Find a Domain Now

Step 2: Choose a Registered Agent

All LLCs in Idaho must appoint a registered agent. A registered agent primarily acts as your LLC’s main point of contact with the state. But most importantly, they are responsible for accepting service of process in the event your business is sued.

Your Idaho registered agent must:

  • Be at least 18 years or older
  • Have a physical address in Idaho
  • Be available during normal business hours to accept service of process
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Recommended: Get a free year of registered agent services when you hire Northwest Registered Agent to form your LLC. $29 (plus state fees).

Get Started

Step 3: File the Certificate of Organization

The Idaho Certificate of Organization is a document that is filed with the Idaho Secretary of State to form an LLC. The fee for filing a Certificate of Organization is $100 online.

For detailed instructions for completing the Certificate of Organization, visit our How to File the Idaho Certificate of Organization guide.

File an Idaho Certificate of Organization

OPTION 1: File Online With Idaho SOSDirect

File Online

- OR -

OPTION 2: File the Certificate of Organization by Mail

Download Form

State Filing Cost: $100 online, $120 by mail, payable to the Secretary of State

Mailing Address:
Office of the Secretary of State
450 N 4th Street
P.O. Box 83720
Boise, ID 83720-0080

Step 4: Create an Operating Agreement

An operating agreement isn't required for Idaho LLCs, but it's a good practice to have one.

What is an operating agreement? An operating agreement is a legal document outlining the ownership and operating procedures of an LLC.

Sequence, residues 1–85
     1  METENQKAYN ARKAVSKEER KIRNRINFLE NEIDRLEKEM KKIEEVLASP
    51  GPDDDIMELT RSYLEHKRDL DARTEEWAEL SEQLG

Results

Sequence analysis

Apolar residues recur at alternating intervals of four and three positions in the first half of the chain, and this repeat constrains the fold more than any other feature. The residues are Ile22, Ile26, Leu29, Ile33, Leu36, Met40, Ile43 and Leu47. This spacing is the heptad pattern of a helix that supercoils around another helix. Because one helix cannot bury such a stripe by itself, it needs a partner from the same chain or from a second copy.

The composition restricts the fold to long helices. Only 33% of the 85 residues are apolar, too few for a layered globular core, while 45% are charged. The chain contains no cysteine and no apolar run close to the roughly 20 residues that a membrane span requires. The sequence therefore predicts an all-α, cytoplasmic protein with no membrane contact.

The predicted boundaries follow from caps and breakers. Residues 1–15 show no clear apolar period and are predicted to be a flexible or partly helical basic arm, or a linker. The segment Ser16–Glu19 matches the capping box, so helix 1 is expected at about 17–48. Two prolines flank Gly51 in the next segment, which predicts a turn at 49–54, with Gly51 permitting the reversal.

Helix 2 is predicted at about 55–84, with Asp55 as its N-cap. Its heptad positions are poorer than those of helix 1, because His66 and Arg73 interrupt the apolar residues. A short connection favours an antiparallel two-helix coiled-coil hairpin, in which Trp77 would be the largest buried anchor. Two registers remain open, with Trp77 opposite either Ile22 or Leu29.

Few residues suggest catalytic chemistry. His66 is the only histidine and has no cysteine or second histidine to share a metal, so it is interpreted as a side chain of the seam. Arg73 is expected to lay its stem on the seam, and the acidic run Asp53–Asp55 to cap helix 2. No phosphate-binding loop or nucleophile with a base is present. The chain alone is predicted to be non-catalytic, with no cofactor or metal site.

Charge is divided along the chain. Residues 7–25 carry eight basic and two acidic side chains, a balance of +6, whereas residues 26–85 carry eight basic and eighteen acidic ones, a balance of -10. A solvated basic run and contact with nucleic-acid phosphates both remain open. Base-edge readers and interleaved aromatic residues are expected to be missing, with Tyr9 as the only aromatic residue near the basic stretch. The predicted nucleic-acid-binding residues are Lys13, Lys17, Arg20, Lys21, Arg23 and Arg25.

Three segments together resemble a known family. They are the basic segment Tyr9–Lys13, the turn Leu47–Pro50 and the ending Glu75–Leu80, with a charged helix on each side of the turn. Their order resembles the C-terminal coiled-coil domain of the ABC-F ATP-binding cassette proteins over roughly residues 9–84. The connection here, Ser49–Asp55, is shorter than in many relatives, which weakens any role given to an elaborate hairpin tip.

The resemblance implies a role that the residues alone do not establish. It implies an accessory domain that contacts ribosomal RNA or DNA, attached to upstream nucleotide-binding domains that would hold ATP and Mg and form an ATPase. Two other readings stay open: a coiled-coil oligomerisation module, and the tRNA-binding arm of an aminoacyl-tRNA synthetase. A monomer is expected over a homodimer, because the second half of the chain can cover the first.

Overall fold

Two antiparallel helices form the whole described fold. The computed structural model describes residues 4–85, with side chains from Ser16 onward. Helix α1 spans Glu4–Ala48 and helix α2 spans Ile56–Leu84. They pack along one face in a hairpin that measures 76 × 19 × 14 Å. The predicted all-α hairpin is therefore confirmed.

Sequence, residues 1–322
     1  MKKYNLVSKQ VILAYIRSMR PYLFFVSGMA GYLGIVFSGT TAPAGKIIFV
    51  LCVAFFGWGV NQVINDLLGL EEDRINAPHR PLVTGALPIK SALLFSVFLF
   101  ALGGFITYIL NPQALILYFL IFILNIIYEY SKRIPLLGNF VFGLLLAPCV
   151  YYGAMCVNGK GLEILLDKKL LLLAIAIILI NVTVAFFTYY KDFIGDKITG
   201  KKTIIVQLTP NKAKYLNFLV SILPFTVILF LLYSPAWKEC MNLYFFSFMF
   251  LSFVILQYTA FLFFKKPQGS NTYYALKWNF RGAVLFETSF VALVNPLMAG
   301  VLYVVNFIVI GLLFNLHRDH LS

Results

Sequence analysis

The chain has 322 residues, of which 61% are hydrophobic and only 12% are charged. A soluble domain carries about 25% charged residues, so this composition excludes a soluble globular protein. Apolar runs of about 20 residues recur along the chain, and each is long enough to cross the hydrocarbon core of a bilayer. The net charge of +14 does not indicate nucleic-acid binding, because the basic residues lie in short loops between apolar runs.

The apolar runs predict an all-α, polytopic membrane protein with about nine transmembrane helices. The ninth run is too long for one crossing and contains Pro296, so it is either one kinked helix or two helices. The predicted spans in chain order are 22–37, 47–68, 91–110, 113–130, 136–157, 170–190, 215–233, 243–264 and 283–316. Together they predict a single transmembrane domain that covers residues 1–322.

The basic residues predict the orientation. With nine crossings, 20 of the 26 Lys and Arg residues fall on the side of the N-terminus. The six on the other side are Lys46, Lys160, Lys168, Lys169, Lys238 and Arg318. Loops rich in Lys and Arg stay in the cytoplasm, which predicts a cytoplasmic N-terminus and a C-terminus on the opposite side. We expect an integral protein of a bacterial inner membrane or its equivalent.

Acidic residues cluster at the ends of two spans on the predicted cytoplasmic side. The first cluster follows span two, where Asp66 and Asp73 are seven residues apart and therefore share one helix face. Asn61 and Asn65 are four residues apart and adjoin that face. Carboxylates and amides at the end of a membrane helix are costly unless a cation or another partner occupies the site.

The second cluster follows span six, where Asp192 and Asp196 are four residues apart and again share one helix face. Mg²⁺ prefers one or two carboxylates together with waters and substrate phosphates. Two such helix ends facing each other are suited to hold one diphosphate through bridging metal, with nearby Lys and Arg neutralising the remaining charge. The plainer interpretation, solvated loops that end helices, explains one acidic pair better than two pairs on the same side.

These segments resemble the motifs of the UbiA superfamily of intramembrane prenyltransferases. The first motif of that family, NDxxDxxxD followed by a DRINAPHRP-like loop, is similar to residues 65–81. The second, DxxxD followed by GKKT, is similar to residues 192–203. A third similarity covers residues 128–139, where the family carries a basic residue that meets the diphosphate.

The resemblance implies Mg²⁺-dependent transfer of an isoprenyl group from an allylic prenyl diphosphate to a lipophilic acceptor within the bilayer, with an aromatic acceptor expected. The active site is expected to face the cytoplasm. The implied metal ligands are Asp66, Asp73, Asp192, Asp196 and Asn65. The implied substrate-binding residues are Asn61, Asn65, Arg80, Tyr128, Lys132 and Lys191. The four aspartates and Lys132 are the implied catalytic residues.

Why are operating agreements important? A comprehensive operating agreement ensures that all business owners are on the same page and reduces the risk of future conflict.

For more information on operating agreements, read our Idaho LLC operating agreement guide.

Step 5: Get an EIN

What is an EIN? An EIN or Employer Identification Number is a nine-digit number issued by the Internal Revenue System (IRS) to identify a business for tax reporting purposes. An EIN is essentially a Social Security number (SSN) for your company.

Why do I need an EIN? An EIN number is required for the following:

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Free EIN: You can get an EIN from the IRS website (free of charge) after forming your business.

Idaho LLC Cost FAQ

Do you have to pay for an Idaho LLC every year?

Idaho LLCs have to file an annual report every year, but they do not have to pay any annual state fees. Visit our Idaho LLC annual report guide for more information.

Is an LLC really necessary?

An LLC provides limited liability protection. This means an LLC protects your personal assets in the event of a business loss, such as a lawsuit or unpaid debt.

We recommend any small business that carries even the smallest amount of risk or liability to form an LLC. Learn more in our Should I Start an LLC guide.

What is the cheapest way to get an LLC?

You can save money on getting an LLC by completing the formation process yourself, making your own operating agreement, being your own registered agent, and getting your own EIN.

Check out our How to Save Money Forming Your LLC guide to learn more.

Can I pay myself a salary from my LLC?

You can pay yourself a salary from your LLC, but it would be called a draw or distribution if your LLC is taxed in the default way by the IRS.

Visit our How to Pay Yourself from an LLC guide to learn more.

Is an S corp better than an LLC?

An S corporation (S corp) is an IRS tax status, not a type of business entity. An LLC can be taxed in the default way or as an S corp. For some businesses, being taxed as an S corp can make lots of sense.

Check out our LLC vs. S corp guide to find out if S corp status is right for your business.

What’s better: sole proprietorship or LLC?

A sole proprietorship is only good for businesses that carry very low risk of liability because sole proprietorships don’t offer any liability protection.

Learn more in our sole proprietorship vs. LLC guide.